But so, I decided that for I'm gonna go to Athens for 90 days, I'm gonna get clean all the way clean, I'm gonna get strong, you know. And I'm going to move away from all my friends and all my families, and I'm going to just get back to health, and then I'm going to decide what I'm going to do. I'm turning 50 at the end of the summer. I'm 50. And I have lost everything. The only thing I have is the clothes on my back, and my dog. That's all I have to my name.

So, I'm still not gonna go to the Mormon church. But I feel God in my life. I'm okay. And I've been a member of lots of churches because I guess I love church. You know, I liked church. I was Baptist. But you know, so that's in there. And did I have a testimony? Not one I was aware of you feel me, you know, like, because you can see it, you can see it coming. It's there. They're there.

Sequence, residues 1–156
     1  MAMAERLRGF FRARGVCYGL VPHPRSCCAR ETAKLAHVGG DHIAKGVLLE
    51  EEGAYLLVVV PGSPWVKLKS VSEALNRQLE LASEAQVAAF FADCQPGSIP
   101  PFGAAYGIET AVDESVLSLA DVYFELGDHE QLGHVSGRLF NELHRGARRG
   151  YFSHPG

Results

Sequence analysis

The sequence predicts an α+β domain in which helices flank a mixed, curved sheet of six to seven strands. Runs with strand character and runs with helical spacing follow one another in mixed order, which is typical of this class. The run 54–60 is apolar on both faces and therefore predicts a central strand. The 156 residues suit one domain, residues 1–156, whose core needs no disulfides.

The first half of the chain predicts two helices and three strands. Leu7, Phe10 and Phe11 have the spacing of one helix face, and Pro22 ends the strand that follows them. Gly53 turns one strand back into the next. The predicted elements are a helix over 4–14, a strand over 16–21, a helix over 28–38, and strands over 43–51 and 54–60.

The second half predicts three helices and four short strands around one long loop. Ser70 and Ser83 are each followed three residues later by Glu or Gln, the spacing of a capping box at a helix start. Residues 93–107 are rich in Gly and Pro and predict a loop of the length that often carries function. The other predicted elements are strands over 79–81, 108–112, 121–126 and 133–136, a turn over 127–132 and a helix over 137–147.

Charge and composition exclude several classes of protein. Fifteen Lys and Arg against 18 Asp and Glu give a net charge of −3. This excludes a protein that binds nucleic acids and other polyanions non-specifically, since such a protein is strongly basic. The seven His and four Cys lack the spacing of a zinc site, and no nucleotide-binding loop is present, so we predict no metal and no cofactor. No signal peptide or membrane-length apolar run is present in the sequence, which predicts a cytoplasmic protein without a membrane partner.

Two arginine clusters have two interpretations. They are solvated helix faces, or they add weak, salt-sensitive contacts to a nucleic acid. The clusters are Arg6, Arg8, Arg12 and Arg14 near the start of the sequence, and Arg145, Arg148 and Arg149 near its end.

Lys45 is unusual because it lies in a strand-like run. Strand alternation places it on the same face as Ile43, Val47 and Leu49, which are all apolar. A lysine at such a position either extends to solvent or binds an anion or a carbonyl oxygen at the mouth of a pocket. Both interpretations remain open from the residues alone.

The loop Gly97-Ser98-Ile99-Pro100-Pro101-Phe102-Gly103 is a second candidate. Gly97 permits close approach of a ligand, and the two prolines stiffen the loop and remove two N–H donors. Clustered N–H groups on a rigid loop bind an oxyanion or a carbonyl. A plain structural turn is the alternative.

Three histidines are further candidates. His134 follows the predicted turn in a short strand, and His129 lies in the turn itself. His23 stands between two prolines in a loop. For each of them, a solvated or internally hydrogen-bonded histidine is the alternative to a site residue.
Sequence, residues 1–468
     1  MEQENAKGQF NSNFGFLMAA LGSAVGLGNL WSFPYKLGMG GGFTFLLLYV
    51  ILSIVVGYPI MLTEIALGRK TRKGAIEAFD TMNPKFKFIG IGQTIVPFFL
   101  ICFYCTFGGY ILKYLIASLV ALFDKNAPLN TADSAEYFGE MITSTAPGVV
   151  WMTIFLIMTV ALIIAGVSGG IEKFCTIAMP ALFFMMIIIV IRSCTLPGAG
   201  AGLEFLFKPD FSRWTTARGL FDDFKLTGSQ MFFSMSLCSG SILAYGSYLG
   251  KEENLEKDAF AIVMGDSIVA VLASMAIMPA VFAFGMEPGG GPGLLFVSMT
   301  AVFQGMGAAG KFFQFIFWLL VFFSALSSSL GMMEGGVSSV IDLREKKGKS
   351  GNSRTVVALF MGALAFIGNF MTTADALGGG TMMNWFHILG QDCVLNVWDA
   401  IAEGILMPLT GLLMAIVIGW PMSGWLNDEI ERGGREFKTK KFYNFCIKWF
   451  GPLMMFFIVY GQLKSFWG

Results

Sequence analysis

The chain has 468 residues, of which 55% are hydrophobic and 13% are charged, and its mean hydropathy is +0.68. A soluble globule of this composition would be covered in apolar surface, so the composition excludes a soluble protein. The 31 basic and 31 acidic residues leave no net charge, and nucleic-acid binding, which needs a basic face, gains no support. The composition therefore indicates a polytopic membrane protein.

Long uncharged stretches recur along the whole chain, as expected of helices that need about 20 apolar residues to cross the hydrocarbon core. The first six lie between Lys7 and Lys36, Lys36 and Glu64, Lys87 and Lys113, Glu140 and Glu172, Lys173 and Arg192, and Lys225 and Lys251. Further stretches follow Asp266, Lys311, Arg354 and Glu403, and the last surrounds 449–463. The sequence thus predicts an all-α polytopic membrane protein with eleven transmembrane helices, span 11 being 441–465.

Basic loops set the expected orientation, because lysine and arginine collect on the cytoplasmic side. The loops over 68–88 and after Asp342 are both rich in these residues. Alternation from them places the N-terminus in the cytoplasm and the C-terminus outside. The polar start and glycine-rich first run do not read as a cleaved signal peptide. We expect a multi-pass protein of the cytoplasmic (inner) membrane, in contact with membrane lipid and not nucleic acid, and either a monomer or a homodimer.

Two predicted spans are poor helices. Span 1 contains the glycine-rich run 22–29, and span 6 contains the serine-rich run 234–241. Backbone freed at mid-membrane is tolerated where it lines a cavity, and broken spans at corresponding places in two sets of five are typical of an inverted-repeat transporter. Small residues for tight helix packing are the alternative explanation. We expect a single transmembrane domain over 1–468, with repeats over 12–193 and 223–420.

And let me tell you, so the Seventh Day Adventist, they have so much in common with the Mormon doctrine. Their stuff is deep, too, you know, I loved it until I found out they were vegetarians. But I went to the Bible study and Bible study and their preacher, he was one on that I call bright and shiny. I can see people, the pure in heart, it's a gift I got after I got baptized, but I think I've kind of always been that way. But he was just so bright and shiny the pastor, you know, and I thought, okay, he's bright and shiny. He's legit, he's sincere, you know, he loves God. And so, I joined his Bible study and, and I love this Pastor Jeff, and another lady who used to pick up drug addicts and take them to Bible study, that's how I got into it was one of my drug dealers went.  I start walking with Diesel, you know, we take long walks, just smoking and I start I started talking to God.